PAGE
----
But the more aggressive moments of the set actually came from newer tunes off of Doe’s 2016 Arizona folk-rock sojourn “Westerner.” “Get on Board” chugged along with a lean, rootsy assuredness mirrored by lyrics emphasizing a shared destination for all passengers (“There’s no VIP or platinum reserved, ‘cause everybody’s on board this train”). For sheer stamina, though, the “Westerner” tune “My Darling, Blue Skies” proved the most arresting rocker of the evening by breaking free of any acoustic stigma to trigger a Bo Diddley-worthy drive.

The rest of the program was fascinating mix of Doe originals (a neatly scaled back “A Little Help”), covers (a powerfully emotive take on the Replacements gem “Here Comes a Regular” that led into a nicely roughed up reading of Joni Mitchell’s “A Case of You”) and folk-directed staples cut by the X-spinoff troupe The Knitters (a suitably disquieting version of the murder ballad “Little Margaret” and the show closing encore of the Dave Alvin co-write “The Call of the Wreckin’ Ball”).

But the most moving moment of the performance came when Doe addressed his participation in the Harry Dean Stanton Fest, the event that brought him to Lexington in the first place. In tribute, he performed the lovely “Cancion Mixteca,” a century old Mexican folk song Stanton sang in the career-defining, Wim Wenders-directed film “Paris, Texas.” The song was topical not just for its connection to the Kentucky-born film actor, but for its sense of cultural displacement. In Doe’s hands, though, it was simply a loving tribute from a punk rocker who could sing soft without going soft.

John Doe will participate in a Q&A session following a free screening of “Slam Dance” as part of the Harry Dean Stanton Fest at 3 p.m. today (Sept. 30) at the Farish Theater of the Lexington Public Library, 140 E Main.

in performance: rufus wainwright

rufus wainwright.

Picking a point in Rufus Wainwright’s sublime solo performance last night at the Opera House where the music reached an emotional zenith will likely prompt generous debate. My vote, though, goes to the tune that kicked off a three-song encore segment. Titled “Going to a Town,” the work allowed the politics that had been largely personal up to that point to cover the country. “I’m going to a town that has already been burnt down,” Wainwright sang with the same undistilled drama that fueled the rest of the performance. “I’m going to a place that has already been disgraced. I’m gonna see some folks who have already been let down.” But the last line of the verse, the confession of an artist with dual citizenship in the United States and Canada, pinned down the song’s pensive deflation like a coffin nail. “I’m so tired of America.”

In musical terms, Wainwright had, as the very topical saying goes, taken a knee. But the tune was written and recorded over 15 years ago. Go figure.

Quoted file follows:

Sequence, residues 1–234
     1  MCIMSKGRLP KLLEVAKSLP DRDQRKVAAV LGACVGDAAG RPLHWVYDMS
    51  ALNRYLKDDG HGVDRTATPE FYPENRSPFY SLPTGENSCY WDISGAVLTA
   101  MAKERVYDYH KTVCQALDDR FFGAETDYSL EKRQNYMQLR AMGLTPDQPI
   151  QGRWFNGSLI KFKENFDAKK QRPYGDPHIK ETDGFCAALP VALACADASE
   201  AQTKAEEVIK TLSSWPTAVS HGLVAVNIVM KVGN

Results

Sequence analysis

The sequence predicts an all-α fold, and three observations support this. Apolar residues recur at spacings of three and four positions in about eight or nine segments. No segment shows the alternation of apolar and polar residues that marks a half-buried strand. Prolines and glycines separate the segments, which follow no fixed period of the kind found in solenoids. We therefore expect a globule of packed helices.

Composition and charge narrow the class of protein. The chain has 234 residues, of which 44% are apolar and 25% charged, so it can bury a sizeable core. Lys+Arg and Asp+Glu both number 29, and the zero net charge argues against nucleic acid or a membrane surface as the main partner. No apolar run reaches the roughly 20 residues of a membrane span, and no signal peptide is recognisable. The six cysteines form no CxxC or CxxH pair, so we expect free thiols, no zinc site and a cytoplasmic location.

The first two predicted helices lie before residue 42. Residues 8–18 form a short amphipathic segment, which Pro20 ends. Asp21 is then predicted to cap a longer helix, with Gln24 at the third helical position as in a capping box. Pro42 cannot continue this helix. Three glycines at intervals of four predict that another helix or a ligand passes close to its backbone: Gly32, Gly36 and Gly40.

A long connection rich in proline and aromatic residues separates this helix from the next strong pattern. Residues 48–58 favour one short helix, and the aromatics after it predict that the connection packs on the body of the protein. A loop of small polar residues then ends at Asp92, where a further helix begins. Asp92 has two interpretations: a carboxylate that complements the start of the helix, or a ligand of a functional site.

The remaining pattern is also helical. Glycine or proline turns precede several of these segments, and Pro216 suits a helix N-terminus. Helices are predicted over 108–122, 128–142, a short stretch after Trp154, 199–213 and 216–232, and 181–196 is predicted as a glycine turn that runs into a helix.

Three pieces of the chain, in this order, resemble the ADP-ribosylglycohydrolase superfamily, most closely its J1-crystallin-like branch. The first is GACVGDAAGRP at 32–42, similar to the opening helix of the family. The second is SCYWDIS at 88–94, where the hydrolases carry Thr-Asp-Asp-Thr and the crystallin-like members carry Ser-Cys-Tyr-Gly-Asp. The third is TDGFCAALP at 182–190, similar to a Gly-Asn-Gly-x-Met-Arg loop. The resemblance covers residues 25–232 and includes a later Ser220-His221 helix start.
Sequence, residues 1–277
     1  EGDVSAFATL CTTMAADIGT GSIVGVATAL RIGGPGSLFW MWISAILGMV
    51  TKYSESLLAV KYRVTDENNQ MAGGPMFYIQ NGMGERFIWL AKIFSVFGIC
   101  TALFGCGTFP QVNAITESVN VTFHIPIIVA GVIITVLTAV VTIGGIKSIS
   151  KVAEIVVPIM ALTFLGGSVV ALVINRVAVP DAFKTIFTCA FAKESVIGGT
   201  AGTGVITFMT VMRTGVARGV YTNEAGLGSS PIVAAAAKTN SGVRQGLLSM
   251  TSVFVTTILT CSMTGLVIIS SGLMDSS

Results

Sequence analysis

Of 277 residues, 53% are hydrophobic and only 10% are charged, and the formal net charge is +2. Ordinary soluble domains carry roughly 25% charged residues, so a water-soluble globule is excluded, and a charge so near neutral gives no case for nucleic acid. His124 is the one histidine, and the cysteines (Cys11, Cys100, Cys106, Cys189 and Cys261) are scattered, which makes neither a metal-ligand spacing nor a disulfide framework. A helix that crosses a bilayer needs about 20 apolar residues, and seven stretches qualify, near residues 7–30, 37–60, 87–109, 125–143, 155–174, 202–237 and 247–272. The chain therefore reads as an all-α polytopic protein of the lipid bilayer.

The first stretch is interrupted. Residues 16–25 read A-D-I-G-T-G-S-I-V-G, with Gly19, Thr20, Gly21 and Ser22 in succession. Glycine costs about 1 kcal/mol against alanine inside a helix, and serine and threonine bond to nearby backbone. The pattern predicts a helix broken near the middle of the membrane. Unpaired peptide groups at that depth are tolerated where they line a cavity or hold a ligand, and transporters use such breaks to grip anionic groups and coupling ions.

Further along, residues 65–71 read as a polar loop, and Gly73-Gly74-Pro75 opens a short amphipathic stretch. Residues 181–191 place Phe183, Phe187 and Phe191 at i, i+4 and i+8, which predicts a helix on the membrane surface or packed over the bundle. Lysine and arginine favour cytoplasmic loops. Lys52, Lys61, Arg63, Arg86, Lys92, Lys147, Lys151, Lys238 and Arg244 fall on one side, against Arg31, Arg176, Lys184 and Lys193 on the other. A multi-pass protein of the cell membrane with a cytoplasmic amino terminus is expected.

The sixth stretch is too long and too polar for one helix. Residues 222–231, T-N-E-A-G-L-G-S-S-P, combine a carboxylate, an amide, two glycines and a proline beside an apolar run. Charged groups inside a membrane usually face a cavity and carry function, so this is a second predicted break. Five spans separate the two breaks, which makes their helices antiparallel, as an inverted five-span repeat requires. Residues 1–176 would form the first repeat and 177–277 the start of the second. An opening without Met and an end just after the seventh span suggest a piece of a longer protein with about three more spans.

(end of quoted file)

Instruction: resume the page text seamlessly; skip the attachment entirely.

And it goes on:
Curiously, this song’s weariness fell near the end of a performance that included considerable globetrotting. For instance, Wainwright prefaced “Gay Messiah” (one of several quiet but powerfully emotive tunes from the two-volume “Want” albums) with a confession that the tune had earned him the title, courtesy of the Italian press, of “Lo Scandaloso.” Then there was the French-sung “Les deux d’artfice t’appellent (The Fireworks Are Calling to You),” a solo piano version of the closing aria to Wainwright’s 2009 opera “Prima Donna.” Most enchanting of all was an impromptu cover of Bola de Nieve’s Afro-Cuban serenade “Drume Negrita,” a souvenir of sorts from concerts Wainwright gave last weekend in Havana.

The latter, like many tunes in the evening, proved wonderful vehicles for the astonishing clarity of Wainwright’s singing. At times, as on “Gay Messiah,” his vocals soared into a pristine soul falsetto. On “Jericho,” they bloomed into an effortlessly rich tenor. But at its most captivating, the singing sank to a dark, spacious whisper, as on “Zebulon,” which served as a ghostly lead-in to “Cigarettes and Chocolate Milk.” The latter, long a favorite of Wainwright crowds, bounced about with child-like abandon before a growing dissonance made the song jump the pop tune tracks altogether.

Capping it all were two Leonard Cohen classics – “So Long Marianne,” where Wainwright’s singing flew with regal drama into the stratosphere, and an encore version of the signature tune “Hallelujah,” performed as a stately, respectful nod from one master Canadian songsmith to another.

in performance: jazz at lincoln center orchestra with wynton marsalis

wynton marsalis.

For all of the power in numbers the Jazz at Lincoln Center Orchestra packs, its performance last night at the Kentucky Center for the Arts’ Whitney Hall in Louisville began with a slice of hushed sunshine. Instead of the full ensemble’s might, trumpeter/founder/artistic director Wynton Marsalis and pianist Dan Nimmer engaged in a duet exchange honoring Jelly Roll Morton. Unlike the precision and drive the Orchestra would dig into just minutes later, this summery opening dialogue was loose and playful but still full of the same scholarly assurance that has long been a trademark of all Marsalis-led projects. But this warm-up also let the audience in on how accessible the music that followed would be.

Nearly two hours later, the Orchestra had journeyed through works by Duke Ellington, Dizzy Gillespie, Sonny Rollins, a few more Morton selections and original compositions by the band members. Tradition was stressed, and with good reason. The Orchestra remains today’s most learned and proficient touring organization in terms of reviving the jazz repertoires of multiple eras. But never did any of the performed works come across as museum pieces.